And Adobe does it again

Yesterday, a number of sites dedicated to following what’s going on in digital publishing were alive with posts and comments about the latest announcement from Adobe. You know Adobe. It’s the home of such supposedly gold standard programs necessary for publishing of any sort: Photoshop, Illustrator, InDesign, etc. It is also the company that no longer lets you buy the current version of its programs on disc or even as downloadable content in the generally accepted version of the word. Oh nooooo, you buy a subscription for the program where you can purchase it for a month or a year and then keep paying. Why do you keep paying? Because if you don’t, and if you don’t have your work saved in formats other programs will be able to open/edit, you will be up the creek without a paddle or a boat when you subscription runs out.

I think it safe to say that you can tell I’m not a huge Adobe fan. Part of that is because I absolutely abhor the subscription model. Part is because I remember the days when it was next to impossible to get all the Adobe fingers out of your hard drive after attempting to uninstall an Adobe application. But, to be honest, my biggest issue with Adobe is and has been its view on DRM.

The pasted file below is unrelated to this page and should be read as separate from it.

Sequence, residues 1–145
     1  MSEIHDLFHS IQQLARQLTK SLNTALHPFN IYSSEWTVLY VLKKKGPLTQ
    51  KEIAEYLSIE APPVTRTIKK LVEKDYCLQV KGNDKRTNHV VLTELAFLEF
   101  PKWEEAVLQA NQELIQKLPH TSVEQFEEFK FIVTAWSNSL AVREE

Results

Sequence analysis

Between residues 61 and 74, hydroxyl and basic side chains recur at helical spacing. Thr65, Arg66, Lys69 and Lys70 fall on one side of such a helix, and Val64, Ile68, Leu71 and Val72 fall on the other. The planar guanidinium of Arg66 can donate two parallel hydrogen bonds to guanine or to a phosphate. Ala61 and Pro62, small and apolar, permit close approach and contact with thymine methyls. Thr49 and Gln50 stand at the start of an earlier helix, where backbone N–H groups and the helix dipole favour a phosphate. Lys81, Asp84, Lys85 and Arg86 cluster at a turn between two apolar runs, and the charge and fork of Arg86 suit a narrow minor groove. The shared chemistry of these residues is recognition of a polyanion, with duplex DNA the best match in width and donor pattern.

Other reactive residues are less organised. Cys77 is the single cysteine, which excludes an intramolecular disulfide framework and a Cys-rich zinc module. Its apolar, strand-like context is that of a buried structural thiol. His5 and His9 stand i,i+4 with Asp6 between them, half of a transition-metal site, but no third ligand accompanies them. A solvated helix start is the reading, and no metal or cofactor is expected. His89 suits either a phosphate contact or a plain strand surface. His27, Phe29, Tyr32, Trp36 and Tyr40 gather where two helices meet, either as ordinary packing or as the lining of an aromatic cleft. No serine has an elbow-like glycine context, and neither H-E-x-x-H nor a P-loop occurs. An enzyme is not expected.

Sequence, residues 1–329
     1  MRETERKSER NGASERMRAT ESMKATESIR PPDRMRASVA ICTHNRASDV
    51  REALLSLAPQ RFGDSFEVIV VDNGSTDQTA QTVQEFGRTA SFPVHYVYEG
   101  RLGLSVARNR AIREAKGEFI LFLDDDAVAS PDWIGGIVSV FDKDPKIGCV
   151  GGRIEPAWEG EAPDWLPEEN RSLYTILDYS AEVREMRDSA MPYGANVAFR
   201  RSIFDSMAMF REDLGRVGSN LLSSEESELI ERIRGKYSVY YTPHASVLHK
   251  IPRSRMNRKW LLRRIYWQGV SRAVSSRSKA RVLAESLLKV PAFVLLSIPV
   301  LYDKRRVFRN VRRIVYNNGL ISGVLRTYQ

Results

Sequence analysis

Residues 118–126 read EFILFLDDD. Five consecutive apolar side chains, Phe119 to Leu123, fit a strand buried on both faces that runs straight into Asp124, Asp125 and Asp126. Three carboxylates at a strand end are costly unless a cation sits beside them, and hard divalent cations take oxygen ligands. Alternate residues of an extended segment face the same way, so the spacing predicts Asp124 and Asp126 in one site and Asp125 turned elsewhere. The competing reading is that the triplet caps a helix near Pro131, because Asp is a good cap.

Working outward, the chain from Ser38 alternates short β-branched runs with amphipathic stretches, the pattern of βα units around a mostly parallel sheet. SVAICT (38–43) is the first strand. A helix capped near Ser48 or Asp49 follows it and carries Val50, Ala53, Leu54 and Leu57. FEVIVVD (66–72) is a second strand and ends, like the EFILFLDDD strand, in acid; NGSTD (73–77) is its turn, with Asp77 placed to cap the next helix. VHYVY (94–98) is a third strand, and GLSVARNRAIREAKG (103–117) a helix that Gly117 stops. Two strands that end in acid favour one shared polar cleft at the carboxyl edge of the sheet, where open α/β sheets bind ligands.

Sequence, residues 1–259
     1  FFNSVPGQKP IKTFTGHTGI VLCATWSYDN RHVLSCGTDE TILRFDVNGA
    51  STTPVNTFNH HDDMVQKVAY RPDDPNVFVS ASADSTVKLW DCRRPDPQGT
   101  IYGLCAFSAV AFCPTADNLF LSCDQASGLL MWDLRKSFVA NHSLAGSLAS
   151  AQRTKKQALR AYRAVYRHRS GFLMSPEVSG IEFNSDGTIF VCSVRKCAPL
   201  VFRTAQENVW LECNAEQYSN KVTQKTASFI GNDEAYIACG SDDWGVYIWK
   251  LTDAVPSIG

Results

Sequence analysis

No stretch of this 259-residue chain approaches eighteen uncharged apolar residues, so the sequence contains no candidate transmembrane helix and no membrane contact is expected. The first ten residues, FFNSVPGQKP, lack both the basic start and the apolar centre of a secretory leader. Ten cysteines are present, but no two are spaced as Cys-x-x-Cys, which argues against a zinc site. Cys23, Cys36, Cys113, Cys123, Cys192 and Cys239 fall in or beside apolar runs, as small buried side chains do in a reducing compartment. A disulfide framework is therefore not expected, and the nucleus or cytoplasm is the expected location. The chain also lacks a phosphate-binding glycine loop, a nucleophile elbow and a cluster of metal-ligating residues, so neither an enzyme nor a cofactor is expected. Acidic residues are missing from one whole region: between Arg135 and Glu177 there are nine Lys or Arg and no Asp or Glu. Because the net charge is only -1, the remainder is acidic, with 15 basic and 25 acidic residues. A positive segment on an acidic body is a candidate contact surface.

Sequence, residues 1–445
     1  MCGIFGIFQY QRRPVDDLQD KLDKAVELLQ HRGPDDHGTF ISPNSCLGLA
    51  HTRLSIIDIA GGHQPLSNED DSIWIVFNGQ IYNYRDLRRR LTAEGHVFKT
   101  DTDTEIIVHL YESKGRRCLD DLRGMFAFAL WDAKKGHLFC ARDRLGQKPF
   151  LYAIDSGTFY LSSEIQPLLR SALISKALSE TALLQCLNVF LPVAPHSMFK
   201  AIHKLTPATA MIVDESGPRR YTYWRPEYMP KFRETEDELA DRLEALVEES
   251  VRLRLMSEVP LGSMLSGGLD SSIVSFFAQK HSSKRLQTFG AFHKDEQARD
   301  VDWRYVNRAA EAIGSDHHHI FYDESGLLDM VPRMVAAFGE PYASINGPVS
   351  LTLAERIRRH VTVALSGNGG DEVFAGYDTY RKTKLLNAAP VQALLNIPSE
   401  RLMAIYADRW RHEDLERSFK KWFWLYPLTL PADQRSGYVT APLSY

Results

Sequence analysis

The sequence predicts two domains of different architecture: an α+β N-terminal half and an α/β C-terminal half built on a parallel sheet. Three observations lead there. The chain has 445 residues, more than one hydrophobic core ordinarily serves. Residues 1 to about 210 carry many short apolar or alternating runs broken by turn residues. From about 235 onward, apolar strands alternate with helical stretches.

Ask any long-time e-book purchaser and at some time or another, we’ve bought an e-book in an Adobe format. No, I’m not talking about the generic EPUB version that is so prevalent today. I’m discussing the Adobe Reader Edition and its predecessors. I’ve lost access to some of those early e-books because I’ve changed hard drives, machines, etc., and so my new ARE program doesn’t recognize them. Fortunately, those books are few and far between and not anything I’ve cried over.

I can hear some of you out there asking why I haven’t tried to break the DRM on those books. After all, I own the w-book, so I should be able to do whatever I want to with it.

True but, as I said, I’m not that attached to the e-books in question to jump through those hoops.

And that brings us back to the original topic — Adobe and DRM. For those who do follow Uncle Alf and other sites that help break DRM by posting the steps to do so, you know that Adobe has long taken the stand that DRM is good and no one should ever be able to break the DRM, even if you own the e-book in question. Adobe has sent take down notices in the past, iirc, to sites such as Uncle Alf’s to remove instructions on how to break their DRM code.

So, Adobe is not my friend.

All of that is why I wasn’t surprised to read the notice yesterday that Adobe was going to start using a new DRM this summer. But the announcement was more insidious than that. Adobe was “going to start pushing for ebook vendors to provide support for the new DRM in March, and when July rolls Adobe is going to force the ebook vendors to stop supporting the older DRM.” The result would be that all devices using the older version would basically become useless for new books until it was upgraded to the new DRM requirements. It also meant that your third party e-reader apps would face the same limitations.

Why would Adobe do this?